May 2020 Edition Vol.11, Issue 5

Live (from home), it’s AACR Virtual I!

By Neil Canavan

The annual meeting of the American Association for Cancer Research (AACR) hosts, on average, some 20,000 clinicians, scientists, and related stakeholders all merrily packed into plenaries sessions, poster halls, and press rooms. This year, a record-breaking 60,000 individuals registered for the rescheduled, abbreviated, two-day AACR Virtual Annual Meeting I. And no one came. Instead, one of the largest medical meetings of its kind went online, and what was gained, and some of what was lost, is explicated herein. 

Immunotherapy Triplets: Breast, Melanoma

Since their much heralded advent, the class of drugs known as checkpoint inhibitors have been combined with almost everything, and it almost never works. This time it did. The I-SPY 2 trial combined the IO/anti-PD-L1 drug, durvalumab, with the PARP inhibitor, olaparib, and the chemotherapeutic paclitaxel. 

The IO portion had already shown activity when combined with both a taxane and an anthracycline in the neoadjuvant setting, where a pathologic complete response (pCR) of 44% was observed. Whereas the PARP inhibitor, olaparib, had previously demonstrated a response rate (RR) of 60% in the difficult to treat, BRCA-positive, triple negative breast cancer (TNBC) population.

“We expected synergy between these two classes of agents,” said study presenter, Lajos Pusztai, MD, DPhil, of Yale University, with the PARP inhibitor contributing to this synergy in two ways. First, olaparib inhibits a DNAdamage repair enzyme, which induces a greater variety of genetic mutations for the immune system to recognize and attack; secondly, by upregulating the expression of PD-L1 in the tumor microenvironment, olaparib enables the immune-boosting activity of durvalumab. 

For the phase II, I-SPY 2 study, investigators enrolled HER2-negative breast cancer patients who were either HR-positive, or HR-negative (TNBC). Patients were then randomized to 12 weeks of neoadjuvant treatment with either the triplet (N=73) or the control arm of paclitaxel (N=299) with all patients then undergoing 8-12 weeks of doxorubicin/cyclophosphamide, followed by surgery. The primary endpoint of I-SPY 2 was achievement of pCR.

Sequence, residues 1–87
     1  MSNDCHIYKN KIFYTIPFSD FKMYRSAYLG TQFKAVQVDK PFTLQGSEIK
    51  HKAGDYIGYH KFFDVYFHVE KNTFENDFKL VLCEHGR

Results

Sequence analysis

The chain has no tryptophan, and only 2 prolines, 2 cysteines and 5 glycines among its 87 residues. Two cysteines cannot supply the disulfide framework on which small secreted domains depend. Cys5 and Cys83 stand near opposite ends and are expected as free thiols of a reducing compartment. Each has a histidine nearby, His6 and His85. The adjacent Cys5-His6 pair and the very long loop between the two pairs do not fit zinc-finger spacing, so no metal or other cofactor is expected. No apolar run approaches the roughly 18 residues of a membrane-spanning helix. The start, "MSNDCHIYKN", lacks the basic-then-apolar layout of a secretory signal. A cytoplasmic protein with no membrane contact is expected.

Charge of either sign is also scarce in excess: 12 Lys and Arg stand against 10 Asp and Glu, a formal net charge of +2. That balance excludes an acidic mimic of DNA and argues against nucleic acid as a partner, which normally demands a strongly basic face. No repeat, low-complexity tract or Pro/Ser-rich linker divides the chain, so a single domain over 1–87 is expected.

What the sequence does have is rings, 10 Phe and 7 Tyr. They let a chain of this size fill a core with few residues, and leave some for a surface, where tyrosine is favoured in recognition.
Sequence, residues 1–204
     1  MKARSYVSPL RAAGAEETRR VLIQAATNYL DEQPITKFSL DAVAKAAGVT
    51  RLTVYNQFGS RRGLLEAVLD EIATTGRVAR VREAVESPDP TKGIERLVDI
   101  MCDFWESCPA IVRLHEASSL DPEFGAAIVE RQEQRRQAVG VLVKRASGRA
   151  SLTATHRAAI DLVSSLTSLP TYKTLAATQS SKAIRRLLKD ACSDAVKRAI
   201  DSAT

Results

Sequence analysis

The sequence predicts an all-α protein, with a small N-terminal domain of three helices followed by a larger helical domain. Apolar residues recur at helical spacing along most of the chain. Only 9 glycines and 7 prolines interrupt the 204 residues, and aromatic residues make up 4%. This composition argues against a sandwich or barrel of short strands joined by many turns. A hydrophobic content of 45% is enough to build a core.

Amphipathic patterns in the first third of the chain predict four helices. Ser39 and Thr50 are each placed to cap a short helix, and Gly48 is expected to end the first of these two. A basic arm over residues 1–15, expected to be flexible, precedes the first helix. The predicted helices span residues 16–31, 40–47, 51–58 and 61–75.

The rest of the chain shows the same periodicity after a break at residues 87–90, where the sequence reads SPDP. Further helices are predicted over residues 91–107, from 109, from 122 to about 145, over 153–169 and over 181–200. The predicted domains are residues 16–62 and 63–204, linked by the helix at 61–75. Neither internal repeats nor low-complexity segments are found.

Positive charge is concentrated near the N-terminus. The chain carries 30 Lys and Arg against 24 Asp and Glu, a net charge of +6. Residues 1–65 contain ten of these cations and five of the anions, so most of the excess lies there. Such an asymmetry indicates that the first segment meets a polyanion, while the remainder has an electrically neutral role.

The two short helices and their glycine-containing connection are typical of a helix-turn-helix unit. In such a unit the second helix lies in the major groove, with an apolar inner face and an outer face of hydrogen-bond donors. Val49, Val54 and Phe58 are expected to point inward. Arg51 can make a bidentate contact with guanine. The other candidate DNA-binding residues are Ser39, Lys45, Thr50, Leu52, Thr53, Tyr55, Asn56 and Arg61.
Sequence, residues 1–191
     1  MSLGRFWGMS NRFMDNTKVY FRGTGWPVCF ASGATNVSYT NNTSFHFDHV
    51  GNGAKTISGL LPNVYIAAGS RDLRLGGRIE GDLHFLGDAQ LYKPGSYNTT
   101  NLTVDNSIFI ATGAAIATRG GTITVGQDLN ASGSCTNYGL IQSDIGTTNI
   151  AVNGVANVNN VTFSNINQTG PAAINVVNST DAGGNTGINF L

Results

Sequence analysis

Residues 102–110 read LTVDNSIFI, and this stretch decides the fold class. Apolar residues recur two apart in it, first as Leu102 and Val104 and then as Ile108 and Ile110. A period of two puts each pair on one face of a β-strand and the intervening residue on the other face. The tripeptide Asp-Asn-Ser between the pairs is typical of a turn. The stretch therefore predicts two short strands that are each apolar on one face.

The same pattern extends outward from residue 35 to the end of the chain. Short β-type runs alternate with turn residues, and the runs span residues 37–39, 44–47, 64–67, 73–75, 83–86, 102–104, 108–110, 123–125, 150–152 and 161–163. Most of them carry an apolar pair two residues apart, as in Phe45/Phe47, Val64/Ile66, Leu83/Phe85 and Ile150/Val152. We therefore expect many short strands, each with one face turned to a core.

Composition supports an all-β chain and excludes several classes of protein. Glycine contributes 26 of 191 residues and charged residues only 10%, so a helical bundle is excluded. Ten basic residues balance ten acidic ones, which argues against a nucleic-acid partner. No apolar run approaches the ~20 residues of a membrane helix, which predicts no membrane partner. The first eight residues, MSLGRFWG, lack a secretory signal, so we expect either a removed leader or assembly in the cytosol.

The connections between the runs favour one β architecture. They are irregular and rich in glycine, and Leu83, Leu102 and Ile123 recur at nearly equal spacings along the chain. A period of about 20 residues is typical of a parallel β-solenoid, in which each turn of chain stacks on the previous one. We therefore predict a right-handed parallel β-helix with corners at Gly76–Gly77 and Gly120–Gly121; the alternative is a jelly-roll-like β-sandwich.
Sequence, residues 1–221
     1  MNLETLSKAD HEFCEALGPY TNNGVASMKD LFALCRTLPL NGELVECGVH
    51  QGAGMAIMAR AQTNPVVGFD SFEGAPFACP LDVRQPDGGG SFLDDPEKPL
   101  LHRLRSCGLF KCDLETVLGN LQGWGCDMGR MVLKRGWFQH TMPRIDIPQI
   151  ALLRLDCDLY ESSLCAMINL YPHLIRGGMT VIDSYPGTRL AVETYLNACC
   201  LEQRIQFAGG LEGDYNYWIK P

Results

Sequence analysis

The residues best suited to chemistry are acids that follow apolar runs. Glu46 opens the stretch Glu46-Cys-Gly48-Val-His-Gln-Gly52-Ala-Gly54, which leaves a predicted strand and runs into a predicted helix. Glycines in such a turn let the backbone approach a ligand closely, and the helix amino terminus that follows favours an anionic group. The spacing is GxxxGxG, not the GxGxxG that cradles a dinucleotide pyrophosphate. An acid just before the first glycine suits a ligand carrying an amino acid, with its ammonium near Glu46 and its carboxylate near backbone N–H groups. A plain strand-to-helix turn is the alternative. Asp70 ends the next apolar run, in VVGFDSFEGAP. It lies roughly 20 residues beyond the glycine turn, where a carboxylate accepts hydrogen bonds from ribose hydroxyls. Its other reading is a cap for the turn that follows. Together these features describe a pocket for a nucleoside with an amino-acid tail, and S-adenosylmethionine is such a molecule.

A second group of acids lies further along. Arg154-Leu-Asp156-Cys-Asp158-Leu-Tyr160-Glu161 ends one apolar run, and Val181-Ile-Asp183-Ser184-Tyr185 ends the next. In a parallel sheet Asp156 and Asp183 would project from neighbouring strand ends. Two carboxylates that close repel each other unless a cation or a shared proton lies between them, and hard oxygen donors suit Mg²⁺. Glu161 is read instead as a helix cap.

The results, in brief: “There were no unexpected safety signals,” Pusztai reported, although there was more febrile neutropenia in the experimental arm (16.3% vs 8.4%) as well as 19% of patients experiencing some immune-related events due to the activity of durvalumab. 

As for efficacy, the triplet combination increased pCR rates in all three biomarker subsets. For HER2-negative patients pCR was 37% vs 22% for the control, in HER2-negative, ER positive, mamma print high risk patients, it was 28% vs 14%, and for TNBC patients it was a 47% vs 27% for the control group. “The estimated probability that the experimental arm is superior to chemotherapy alone is greater than 98% in all subsets,” Pusztai concluded.

Melanoma: IMspire150

Grant McArthur, PhD, of the MacCallum Cancer Center, Melbourne, presented the preliminary results from the phase III, IMSpire150 trial that looked at the combination of the IO drug atezolizumab (AZO), the MEK inhibitor, combimetinib (COM), and the BRAFv600 mutant inhibitor, vemurafenib (VEM) in treatment naïve, BRAFV600-positive advanced melanoma patients.

“Patients with BRAF melanoma can be treated with combinations of BRAF and MEK inhibitors, and offer the advantage of high response rates,” said McArthur. “But unfortunately, in many patients these responses are short lived. On the other hand, immune checkpoints inhibitors have more durable responses, but have a lower response rate.” These observations, plus the hypothesis that BRAF and MEK inhibitors seem to drive T cells into tumors as well as up-regulate melanoma antigens, led to the proposed triplet.